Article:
* Have the student and the school social worker or school psychologist meet weekly to work on learning social skills.
* Have the student work with other students in a group or class that specifically addresses the development of social skills.
Symptom: The student is experiencing social difficulties with a particular student or group of students.
* Place an aide in the classroom to watch for social conflict and to help the student avert problems before they occur.
* Have the school keep the student's parents apprised of any situations in which their child has been picked on or bullied. The school should have "zero tolerance" for such behavior. The student's parents also need to know the details-who, what, when, where, why, and how-of each incident in case the bullying persists outside of school.
Symptom: The student gets overheated and dehydrated from physical exertion on hot days.
* Allow student to excuse himself or herself from gym class on hot days.
* When heat is ongoing, replace gym class with individual private workouts, another healthful activity, or study hall.
Symptom: The student suffers acute embarrassment when participating in team sports. This may be due to lack of practice in sports skills and knowledge of the rules from periods of illness, or to a treatable anxiety disorder that often co-occurs with bipolar disorder.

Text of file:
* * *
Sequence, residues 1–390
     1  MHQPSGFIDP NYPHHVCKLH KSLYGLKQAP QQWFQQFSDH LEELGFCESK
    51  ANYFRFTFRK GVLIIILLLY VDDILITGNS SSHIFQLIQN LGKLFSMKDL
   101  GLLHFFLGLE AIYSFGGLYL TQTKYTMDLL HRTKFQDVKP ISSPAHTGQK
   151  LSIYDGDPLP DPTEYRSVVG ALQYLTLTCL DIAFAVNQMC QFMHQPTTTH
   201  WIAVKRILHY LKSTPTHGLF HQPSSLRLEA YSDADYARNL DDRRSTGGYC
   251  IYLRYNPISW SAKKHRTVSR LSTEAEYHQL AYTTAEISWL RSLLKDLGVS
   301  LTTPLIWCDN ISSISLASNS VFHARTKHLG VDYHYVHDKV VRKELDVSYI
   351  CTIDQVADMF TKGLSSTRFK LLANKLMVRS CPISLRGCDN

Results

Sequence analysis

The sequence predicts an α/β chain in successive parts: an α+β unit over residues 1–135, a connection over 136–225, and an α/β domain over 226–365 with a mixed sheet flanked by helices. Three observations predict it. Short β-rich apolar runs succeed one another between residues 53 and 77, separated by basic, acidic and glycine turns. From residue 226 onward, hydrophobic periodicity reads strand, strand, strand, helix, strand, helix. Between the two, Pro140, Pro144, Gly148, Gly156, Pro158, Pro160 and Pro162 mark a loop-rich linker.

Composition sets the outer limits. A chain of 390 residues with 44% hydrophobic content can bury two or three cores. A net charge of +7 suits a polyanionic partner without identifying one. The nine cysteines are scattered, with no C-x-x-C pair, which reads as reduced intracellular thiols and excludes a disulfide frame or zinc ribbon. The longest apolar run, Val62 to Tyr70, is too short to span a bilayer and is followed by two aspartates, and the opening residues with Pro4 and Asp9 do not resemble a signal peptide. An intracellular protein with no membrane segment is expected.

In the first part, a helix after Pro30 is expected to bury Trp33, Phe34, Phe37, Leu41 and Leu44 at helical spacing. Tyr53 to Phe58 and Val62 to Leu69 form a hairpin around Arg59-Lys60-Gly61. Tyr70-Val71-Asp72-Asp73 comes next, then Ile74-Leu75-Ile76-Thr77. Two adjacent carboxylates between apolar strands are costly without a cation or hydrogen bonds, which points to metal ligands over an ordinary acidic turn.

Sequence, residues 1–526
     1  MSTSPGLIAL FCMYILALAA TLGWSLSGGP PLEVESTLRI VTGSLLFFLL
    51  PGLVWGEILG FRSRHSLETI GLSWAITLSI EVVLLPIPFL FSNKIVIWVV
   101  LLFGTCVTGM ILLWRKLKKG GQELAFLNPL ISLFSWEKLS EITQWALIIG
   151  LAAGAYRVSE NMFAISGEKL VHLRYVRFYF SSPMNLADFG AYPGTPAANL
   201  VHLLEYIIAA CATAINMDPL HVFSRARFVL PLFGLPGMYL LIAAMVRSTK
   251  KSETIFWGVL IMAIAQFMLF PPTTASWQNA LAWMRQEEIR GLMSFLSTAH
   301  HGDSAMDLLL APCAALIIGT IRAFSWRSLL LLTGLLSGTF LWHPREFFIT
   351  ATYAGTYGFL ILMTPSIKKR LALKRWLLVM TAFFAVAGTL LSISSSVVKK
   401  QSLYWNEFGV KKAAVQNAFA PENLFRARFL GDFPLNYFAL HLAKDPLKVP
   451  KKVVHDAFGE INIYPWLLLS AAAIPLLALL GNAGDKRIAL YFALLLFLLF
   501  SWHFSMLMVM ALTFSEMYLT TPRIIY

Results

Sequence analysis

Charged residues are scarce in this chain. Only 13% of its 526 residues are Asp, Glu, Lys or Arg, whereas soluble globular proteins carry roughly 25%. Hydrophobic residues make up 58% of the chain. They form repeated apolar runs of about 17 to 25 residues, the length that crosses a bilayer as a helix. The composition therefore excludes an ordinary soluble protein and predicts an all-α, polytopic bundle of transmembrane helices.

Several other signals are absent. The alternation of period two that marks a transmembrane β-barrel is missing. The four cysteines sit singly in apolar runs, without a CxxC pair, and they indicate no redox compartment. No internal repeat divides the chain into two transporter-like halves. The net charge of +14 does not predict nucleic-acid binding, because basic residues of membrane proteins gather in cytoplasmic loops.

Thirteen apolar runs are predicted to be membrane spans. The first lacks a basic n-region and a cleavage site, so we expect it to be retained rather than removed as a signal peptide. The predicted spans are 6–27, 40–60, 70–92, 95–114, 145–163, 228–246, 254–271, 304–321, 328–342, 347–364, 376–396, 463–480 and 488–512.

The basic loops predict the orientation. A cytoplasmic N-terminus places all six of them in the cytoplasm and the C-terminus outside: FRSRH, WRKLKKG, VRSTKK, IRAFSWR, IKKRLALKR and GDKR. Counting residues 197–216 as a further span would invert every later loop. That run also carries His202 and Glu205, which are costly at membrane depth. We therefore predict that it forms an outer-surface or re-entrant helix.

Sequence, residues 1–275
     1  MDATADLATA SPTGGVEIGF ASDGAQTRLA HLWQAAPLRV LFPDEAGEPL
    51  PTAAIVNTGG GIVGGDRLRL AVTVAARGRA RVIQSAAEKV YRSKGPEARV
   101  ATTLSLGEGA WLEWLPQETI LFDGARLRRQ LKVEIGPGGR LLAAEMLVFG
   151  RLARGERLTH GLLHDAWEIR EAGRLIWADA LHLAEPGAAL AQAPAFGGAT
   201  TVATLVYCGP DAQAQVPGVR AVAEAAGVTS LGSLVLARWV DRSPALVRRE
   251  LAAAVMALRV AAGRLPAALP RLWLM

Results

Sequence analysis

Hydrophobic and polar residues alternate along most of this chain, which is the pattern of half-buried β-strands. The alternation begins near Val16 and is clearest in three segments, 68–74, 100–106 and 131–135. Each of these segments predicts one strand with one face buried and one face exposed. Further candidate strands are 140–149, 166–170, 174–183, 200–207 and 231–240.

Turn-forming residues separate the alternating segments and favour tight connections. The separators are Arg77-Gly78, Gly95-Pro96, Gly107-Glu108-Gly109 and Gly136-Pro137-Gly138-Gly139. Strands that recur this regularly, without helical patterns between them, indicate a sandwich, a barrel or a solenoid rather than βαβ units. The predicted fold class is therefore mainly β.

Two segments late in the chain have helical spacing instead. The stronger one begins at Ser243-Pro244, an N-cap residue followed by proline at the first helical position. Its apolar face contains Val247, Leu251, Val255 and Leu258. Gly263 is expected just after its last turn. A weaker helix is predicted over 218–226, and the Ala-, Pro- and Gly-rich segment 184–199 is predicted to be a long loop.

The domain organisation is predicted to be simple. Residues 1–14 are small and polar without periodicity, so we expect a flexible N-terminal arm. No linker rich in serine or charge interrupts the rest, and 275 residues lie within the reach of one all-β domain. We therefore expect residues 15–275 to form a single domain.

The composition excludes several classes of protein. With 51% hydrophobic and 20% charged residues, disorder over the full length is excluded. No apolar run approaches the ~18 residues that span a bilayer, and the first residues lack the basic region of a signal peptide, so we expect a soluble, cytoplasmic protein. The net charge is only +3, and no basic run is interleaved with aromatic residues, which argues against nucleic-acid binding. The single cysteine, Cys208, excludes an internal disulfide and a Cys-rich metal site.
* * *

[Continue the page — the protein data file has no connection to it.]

* Excuse the student from participating in team sports until the anxiety is treated.
* Provide the student with one-on-one coaching in sports rules and techniques.
* Permit the student to substitute individual physical activities, such as aerobic workouts or swimming laps that do not involve competing in groups.
* Offer the student counseling at school to address his or her concerns about team sports.
Symptom: The student suffers acute embarrassment when speaking in front of others. This may be due to a treatable anxiety disorder that often co-occurs with bipolar disorder.
* Excuse the student from speaking in front of the class until the anxiety is treated.
* Provide the student with one-on-one coaching to reduce performance anxiety.
Symptom: The student experiences episodes of tearfulness and crying at school.
* Give the student advance permission to leave the classroom and go to a designated recovery place or person when he or she feels "on the verge of tears." If the child has an aide, arrange a private signal when leaving the classroom becomes necessary. Taking such action will reduce anxiety, permits the student to maintain self-control and avoids public humiliation and further distress.
Symptom: The student experiences episodes of frustration and/or rages at school.
* Have a Functional Behavior Assessment (FBA) administered to the student by a school psychologist or other expert trained to make such an assessment. An FBA can help identify the triggers that precede the student's loss of control. This information can then be used to develop a written Behavior Intervention Plan (BIP). The BIP provides a framework from which to teach the student new ways to prevent or cope with the stressors that provoke his or her loss of control.
* Some children who are extremely gifted or creative become stressed by boredom. To accommodate such a child, provide accelerated individual work in the areas in which he or she is gifted. Also, make sure the student's creativity is engaged in every class.
* A drop in blood sugar levels can trigger loss of control in some children. To accommodate such a child, ensure that he or she eats a high-protein breakfast. Also, give the student access to protein snacks at regular intervals.